Young Men & Fire (Audio cassette)
In 2012 I read three older wonderful, quirky non-fiction books that shared a common element: despite not being memoir, each author’s experience becomes intertwined with the story they’re telling. In addition to The Immortal Life of Henrietta Lacks and The Hare with Amber Eyes, I thoroughly enjoyed Young Men and Fire by Norman Maclean. It is not only a lucid analysis of the 1949 Mann Gulch tragedy in which 13 wildfire fighters were killed, this book is also a very personal meditation on the meaning of youth, loss and aging. A modern Moby Dick of the American west.
This is a decidedly un-polished account of the 1949 Mann Gulch tragedy in which 13 firefighters were killed by a wildfire in the rugged Montana mountains. MacLean (author of A River Runs Through It) was somewhat obsessed with the story, and spent most of the latter years of his life trying to get the facts down on paper. The manuscript was eventually published after his death, and while it’s clunky, it is an interesting book showing a masterful writer struggling with a difficult story and his own mortality.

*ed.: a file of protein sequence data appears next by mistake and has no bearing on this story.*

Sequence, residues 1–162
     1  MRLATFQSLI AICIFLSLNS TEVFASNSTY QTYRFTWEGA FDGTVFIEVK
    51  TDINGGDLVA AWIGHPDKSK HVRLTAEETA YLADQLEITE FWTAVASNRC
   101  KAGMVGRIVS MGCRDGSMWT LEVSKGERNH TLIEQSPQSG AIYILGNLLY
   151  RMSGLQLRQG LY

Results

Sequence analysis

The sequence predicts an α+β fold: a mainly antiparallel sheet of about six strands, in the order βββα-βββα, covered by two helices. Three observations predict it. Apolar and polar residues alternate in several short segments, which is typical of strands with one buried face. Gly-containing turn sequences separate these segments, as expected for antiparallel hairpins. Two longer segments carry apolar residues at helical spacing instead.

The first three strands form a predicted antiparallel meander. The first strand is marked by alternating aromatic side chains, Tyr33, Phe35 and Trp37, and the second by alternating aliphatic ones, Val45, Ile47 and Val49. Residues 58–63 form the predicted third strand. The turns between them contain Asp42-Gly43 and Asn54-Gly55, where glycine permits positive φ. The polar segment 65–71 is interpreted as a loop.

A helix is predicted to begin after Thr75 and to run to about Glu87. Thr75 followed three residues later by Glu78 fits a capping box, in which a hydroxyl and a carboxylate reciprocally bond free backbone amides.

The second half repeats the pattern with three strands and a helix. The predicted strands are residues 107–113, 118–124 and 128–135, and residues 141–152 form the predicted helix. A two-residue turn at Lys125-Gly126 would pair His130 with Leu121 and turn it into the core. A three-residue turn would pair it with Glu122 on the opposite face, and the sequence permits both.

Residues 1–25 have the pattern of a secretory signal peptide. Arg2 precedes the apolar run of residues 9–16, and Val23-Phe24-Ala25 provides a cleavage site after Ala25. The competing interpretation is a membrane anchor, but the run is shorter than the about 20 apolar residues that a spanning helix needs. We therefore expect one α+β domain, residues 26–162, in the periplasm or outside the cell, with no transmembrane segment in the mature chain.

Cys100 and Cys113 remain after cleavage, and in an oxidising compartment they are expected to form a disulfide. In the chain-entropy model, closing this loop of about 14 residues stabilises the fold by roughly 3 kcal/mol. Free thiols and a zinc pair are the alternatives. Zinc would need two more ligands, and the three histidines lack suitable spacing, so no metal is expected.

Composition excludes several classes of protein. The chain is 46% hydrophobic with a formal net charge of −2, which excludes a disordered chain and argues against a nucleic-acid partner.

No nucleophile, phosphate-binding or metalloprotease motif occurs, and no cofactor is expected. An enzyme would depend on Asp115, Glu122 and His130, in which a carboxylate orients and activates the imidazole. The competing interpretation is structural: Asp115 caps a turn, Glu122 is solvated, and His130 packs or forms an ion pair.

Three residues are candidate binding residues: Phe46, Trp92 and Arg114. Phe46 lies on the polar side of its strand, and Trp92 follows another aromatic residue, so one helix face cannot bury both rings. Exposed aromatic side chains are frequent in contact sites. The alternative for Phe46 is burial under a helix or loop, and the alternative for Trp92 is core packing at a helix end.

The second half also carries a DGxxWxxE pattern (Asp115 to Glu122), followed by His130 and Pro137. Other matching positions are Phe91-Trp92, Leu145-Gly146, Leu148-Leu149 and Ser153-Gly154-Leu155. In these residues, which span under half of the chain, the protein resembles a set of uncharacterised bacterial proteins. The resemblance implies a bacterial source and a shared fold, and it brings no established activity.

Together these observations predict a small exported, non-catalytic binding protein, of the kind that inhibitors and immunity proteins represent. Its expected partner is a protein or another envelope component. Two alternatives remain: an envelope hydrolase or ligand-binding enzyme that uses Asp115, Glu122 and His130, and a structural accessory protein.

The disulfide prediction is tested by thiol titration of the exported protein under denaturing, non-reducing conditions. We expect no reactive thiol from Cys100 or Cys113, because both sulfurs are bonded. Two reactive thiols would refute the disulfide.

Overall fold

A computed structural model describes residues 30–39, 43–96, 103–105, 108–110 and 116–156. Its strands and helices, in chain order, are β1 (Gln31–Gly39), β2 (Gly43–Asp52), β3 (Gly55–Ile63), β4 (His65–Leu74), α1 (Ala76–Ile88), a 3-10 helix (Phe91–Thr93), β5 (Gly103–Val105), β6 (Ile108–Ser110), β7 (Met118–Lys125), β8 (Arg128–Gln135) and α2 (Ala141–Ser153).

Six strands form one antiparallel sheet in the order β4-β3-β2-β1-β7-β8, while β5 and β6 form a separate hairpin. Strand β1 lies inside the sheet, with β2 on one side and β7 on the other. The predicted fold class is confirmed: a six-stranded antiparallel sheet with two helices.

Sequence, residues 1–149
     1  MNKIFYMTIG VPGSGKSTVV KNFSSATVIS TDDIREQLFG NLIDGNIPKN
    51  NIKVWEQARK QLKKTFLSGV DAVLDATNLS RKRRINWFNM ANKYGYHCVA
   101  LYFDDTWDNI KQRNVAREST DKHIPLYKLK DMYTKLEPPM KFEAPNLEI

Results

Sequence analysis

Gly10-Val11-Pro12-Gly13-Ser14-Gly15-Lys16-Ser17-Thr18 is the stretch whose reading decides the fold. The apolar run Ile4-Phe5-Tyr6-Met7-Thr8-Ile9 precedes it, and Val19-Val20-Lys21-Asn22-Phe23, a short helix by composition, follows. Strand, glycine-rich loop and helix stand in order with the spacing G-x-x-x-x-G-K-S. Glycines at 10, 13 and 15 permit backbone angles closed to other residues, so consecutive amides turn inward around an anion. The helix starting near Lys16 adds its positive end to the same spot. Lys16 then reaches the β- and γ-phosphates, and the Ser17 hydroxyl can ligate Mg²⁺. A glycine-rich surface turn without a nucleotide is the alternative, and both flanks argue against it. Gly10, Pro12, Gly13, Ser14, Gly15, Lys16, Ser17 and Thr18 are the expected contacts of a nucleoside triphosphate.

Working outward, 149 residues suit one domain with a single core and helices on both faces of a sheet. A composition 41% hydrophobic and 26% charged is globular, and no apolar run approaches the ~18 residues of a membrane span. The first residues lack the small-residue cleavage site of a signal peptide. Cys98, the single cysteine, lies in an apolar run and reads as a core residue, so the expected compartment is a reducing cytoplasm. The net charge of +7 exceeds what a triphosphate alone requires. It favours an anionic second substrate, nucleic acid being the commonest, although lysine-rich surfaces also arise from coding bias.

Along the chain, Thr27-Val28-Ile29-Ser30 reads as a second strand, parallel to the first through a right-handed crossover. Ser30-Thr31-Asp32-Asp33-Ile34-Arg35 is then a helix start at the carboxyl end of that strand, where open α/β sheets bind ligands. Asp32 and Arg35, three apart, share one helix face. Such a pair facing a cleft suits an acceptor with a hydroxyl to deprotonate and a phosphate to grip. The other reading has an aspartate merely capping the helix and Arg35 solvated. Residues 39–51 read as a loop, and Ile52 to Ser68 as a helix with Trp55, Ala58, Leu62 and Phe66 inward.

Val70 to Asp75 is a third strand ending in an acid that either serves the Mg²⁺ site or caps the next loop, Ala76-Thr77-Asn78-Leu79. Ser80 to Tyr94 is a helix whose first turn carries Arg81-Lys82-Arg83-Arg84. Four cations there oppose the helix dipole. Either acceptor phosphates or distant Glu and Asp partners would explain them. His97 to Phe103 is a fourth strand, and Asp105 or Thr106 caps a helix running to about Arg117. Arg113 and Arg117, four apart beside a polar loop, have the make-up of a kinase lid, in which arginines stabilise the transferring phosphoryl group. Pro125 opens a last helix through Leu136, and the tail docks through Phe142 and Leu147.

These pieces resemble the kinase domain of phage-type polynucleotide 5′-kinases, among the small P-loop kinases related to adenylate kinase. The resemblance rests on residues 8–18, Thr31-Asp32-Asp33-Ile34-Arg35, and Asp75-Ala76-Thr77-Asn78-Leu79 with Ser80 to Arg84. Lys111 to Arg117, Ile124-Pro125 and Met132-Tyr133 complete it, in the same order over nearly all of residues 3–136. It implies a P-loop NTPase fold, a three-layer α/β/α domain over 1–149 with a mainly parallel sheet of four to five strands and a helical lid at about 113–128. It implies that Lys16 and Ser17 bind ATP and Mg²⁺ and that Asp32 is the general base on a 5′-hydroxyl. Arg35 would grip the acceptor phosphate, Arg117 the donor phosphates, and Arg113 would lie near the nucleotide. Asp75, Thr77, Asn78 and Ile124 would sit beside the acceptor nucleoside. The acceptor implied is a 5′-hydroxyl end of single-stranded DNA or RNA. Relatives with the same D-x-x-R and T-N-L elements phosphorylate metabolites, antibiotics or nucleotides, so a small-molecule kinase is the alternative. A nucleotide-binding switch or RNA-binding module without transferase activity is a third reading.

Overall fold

Not only a lucid analysis of the 1949 Mann Gulch tragedy, this book is also a very personal meditation on the meaning of youth, loss and aging. A modern Moby Dick of the American west.— Chris
About the Author
JOHN NORMAN MACLEAN is an award-winning author and journalist who has written about wildland fire for more than 15 years. His first book, Fire on the Mountain, was featured in two documentaries by Dateline NBC and the History Channel. He has also written Fire and Ashes and The Thirtymile Fire, both critically acclaimed. He lives in Washington, DC.
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